Snohomish wins round in land use battle with Lake Stevens

Snohomish 1, Lake Stevens 0.

A state hearings board ruled in Snohomish’s favor Monday, giving the city a small victory in an ongoing feud for control of valuable land north of U.S. 2.

The board threw out a petition from Lake Stevens partly because board members decided the board didn’t have jurisdiction to decide the matter.

Both Lake Stevens and Snohomish want to claim county land north of U.S. 2 for much-needed jobs and sales tax revenue.

When mediation failed in January, Snohomish laid claim to the land anyway by designating some of the disputed land as a city planning area.

Lake Stevens filed a petition with the state Growth Management Hearings Board contending Snohomish was trying to circumvent the process for expanding its borders. Each city in Snohomish County has its own comprehensive plan that includes where it may expand its borders. Changes happen once a year, and the county has to approve any expansions.

Snohomish viewed the petition as a frivolous waste of time and asked the board to drop the petition, Snohomish City Manager Larry Bauman said.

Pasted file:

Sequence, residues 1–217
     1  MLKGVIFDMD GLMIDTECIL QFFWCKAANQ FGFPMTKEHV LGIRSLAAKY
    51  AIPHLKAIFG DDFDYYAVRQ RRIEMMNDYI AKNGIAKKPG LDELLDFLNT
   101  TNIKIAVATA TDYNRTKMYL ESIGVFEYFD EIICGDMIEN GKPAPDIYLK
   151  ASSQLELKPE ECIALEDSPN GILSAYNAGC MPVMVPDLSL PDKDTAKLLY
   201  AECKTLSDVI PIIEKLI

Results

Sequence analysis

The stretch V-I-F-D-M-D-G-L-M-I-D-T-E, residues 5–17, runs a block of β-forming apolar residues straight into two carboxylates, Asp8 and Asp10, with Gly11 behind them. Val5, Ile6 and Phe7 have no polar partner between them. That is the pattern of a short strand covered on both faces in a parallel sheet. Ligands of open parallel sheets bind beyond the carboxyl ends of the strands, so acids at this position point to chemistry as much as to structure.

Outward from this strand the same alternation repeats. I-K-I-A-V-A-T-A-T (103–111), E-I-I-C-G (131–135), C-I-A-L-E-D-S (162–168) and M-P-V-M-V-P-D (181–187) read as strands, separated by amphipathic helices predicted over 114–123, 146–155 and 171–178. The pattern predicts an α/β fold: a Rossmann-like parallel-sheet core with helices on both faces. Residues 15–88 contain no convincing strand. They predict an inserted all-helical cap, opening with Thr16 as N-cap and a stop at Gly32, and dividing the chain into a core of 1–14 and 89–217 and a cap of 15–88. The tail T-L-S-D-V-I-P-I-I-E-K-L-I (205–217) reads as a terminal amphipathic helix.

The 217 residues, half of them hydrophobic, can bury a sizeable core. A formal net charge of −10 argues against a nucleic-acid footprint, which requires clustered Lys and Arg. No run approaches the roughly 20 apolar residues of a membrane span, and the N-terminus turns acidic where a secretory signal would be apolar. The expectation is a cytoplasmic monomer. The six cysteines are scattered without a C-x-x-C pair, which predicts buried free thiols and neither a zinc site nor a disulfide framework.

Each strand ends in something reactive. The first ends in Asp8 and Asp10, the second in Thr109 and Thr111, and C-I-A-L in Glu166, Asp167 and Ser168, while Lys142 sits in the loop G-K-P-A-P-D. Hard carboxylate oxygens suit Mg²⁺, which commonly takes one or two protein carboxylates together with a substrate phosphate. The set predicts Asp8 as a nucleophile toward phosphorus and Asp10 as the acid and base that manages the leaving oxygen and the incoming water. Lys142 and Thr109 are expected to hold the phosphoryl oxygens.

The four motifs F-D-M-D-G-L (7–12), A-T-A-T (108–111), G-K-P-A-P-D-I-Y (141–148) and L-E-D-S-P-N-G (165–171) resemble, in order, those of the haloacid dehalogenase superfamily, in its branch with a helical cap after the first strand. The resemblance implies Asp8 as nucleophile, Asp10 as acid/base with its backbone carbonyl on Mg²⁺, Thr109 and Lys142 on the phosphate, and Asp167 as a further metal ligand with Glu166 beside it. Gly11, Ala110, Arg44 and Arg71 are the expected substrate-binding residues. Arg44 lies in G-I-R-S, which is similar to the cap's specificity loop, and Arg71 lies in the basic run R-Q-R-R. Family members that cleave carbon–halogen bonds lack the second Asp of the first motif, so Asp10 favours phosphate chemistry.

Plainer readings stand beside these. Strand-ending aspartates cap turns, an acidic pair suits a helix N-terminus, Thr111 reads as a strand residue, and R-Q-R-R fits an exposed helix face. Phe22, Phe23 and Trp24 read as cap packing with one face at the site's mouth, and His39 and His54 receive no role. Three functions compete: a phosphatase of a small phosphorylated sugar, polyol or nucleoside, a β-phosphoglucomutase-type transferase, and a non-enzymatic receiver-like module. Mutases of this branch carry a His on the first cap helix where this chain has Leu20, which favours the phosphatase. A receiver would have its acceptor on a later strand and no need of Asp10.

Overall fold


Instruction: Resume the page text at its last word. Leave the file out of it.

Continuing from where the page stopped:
Monday, the hearings board sided with Snohomish, writing in the decision that Snohomish’s planning area isn’t the same as an amendment to the comprehensive plan.

In the decision, the board acknowledged that Snohomish used language in its resolution that is “aggressive and assertive” to form a planning area. However, city leaders also acknowledged the disputed land is under county control.

Since it remains under county control, the board isn’t the body to deal with Lake Stevens’ grievance.

Several calls to Lake Stevens Mayor Vern Little weren’t returned Tuesday.

Lake Stevens could appeal, Bauman said.

Snohomish leaders are just ready to say goodbye to what they consider a nuisance.

“I hope this closes the matter and this doesn’t further waste their own precious public funds or cause us to do the same,” Bauman said.

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